Link to letter: Harpers Ferry Parking
February 26, 2022
Superintendent Tyrone Brandyburg
Attn: Proposal to close Maryland Heights parking areas
Harpers Ferry National Historical Park
P.O. Box 65
Harpers Ferry, WV 25425
Dear Superintendent Brandyburg,
The Canoe Cruisers Association (CCA) is distressed to learn that the National Park Service (NPS), in response to increased need for access to natural resources in and around Harpers Ferry National Historical Park, is considering further limiting access by the public by closing heavily used parking areas.
While Harpers Ferry and C&O Canal are National Historical Parks, a significant percentage of
visitors use the National Parks for access to natural areas: to hike, to walk and bike the towpath, to canoe, kayak, raft, and tube in the Potomac and Shenandoah Rivers, to sunbathe, fish, birdwatch, or just to be in nature. Since the 1970s, the Parks have systematically closed parking areas or restricted uses to commercial operators. Potoma Wayside, which used to be a parking area for private vehicles, has had parking reduced to three spaces and is now largely a commercial use area. Lock 34 and nearby areas along Harpers Ferry Rd, former whitewater access points, have been closed to private parking. There is no public access to either river upstream of Harpers Ferry. Downstream access at Sandy Hook and Weverton is now closed or threatened by CSX.
The National Park Service Rivers and Trails Conservation Assistance Program (RTCA) sponsored and supported a community-based discussion in 2014 and 2015 to improve river access and parking in the vicinity of Harper’s Ferry. Four NPS units actively participated in the discussion along with CCA, local commercial outfitters, and private boaters. American Whitewater issued a report of the discussions in 2015. The NPS virtually controls access to the Potomac on the Maryland side via management of the C&O Canal National Historical Park. Since 2015, little has happened to improve recreational access to the Potomac and Shenandoah Rivers for boaters, fishermen, tubers, sunbathers, and the overall public.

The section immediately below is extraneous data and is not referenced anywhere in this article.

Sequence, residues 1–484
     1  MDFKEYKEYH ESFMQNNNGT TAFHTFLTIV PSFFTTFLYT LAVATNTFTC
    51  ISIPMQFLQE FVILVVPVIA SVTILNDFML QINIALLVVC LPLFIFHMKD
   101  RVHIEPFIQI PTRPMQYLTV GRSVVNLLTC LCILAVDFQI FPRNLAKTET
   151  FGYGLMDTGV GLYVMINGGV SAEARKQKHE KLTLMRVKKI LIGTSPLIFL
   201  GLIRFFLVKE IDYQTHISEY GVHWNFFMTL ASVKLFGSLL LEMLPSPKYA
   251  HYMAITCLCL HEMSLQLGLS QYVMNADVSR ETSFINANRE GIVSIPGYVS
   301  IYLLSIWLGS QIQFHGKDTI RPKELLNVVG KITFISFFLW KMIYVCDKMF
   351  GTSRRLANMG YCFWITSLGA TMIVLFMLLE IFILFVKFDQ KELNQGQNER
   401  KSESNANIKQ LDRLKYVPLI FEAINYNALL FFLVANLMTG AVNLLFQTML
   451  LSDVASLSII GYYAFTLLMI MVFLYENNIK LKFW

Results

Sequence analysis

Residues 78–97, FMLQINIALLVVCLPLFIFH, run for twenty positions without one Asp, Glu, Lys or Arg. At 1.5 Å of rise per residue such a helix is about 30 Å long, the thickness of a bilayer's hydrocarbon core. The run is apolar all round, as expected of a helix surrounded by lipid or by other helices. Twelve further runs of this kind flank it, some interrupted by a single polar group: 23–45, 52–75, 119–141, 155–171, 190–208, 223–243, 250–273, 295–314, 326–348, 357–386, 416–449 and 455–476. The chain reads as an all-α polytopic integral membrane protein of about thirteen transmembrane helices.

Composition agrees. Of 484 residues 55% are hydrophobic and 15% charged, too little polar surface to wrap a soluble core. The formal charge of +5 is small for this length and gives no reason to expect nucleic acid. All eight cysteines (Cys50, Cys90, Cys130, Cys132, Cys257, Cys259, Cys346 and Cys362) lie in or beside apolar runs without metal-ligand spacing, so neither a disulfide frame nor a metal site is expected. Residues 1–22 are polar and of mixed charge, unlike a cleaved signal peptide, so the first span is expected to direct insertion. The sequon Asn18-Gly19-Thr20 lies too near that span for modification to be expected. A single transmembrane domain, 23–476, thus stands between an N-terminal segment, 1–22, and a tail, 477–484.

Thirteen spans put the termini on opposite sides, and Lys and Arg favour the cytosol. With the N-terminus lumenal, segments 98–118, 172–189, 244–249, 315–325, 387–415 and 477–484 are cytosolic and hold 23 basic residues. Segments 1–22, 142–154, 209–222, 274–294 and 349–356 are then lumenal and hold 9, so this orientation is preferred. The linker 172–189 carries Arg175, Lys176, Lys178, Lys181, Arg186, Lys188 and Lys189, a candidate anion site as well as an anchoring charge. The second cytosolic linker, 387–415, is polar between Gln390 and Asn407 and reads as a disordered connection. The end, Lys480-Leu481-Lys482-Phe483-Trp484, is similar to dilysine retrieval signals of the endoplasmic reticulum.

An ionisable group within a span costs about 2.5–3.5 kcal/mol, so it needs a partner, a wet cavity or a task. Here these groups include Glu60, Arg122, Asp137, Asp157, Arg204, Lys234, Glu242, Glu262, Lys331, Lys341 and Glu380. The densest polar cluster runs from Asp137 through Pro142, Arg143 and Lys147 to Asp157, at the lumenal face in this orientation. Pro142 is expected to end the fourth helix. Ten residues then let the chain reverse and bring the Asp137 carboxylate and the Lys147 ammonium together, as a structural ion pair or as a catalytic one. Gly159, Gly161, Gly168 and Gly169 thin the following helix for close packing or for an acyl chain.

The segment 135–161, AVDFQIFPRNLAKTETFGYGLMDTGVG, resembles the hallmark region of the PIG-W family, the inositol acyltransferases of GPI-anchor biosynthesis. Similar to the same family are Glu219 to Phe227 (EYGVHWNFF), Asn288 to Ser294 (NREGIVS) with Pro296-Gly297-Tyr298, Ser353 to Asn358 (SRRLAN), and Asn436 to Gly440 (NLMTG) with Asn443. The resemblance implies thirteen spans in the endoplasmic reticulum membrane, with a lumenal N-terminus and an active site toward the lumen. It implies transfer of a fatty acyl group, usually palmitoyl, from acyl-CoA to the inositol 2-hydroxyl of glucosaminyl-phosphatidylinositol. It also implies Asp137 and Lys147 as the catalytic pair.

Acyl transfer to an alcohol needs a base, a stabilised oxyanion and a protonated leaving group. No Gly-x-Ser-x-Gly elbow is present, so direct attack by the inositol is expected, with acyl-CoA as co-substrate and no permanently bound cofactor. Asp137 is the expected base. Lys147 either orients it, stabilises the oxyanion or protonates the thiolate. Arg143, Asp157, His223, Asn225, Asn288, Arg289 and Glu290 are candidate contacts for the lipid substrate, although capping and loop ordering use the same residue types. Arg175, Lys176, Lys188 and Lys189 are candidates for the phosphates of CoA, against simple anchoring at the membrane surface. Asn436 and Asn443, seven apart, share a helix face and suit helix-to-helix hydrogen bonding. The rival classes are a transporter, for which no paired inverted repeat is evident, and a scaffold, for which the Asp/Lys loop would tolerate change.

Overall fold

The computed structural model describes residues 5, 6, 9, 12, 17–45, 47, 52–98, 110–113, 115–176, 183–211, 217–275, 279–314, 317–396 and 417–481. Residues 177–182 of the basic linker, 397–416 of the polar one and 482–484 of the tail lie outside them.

There is a clear need for better, safer access to the natural areas of the National Parks in the Harpers Ferry region. Park use will continue to increase. Traffic on related roads is likely to increase. The NPS is the dominant landowner in Harpers Ferry. Clearly, it must be part of developing long-term solutions to the problems of public access in Harper’s Ferry and along the C&O Canal.
We ask that you:
- Reopen discussions on meeting the public recreational access needs to the outstanding
natural resources of the National Parks in the Harpers Ferry region.
- Work with state and local officials and the public to develop a plan for adequate parking or
access that will be safe and will not adversely affect the historic or natural resources.
- Implement the plan over a reasonable time frame.
- Reopen the parking areas at the Maryland Heights trail access until a more suitable solution
to parking issues is implemented.
I submit these comments on behalf of the Canoe Cruisers Association of Greater Washington
(CCA). CCA is the region’s oldest canoeing and kayaking organization. Our members regularly
paddle on the Potomac and Shenandoah Rivers near Harper’s Ferry and elsewhere. Access to rivers is paramount to our recreational activities. We need safe parking facilities where we can leave vehicles while we are on the water.
We understand the complications of the effort we are asking you to undertake Simply coordinating among various NPS units appears challenging to outsiders. But these parks, these rivers, these cliffs are going to be here a century from now, visited and treasured by millions of people. We owe it to those natural resources and ourselves to address the access issues that have been languishing for decades. CCA and others in whitewater boating community stand willing to participate and assist in any way we can.
Chair, Canoe Cruisers Association
Ms. Kym Hall, Area Director, National Capital Area
Ms. Tammy Stidham, National Capital Area
Ms. Tina Cappetta, Superintendent, C&O Canal National Historical Park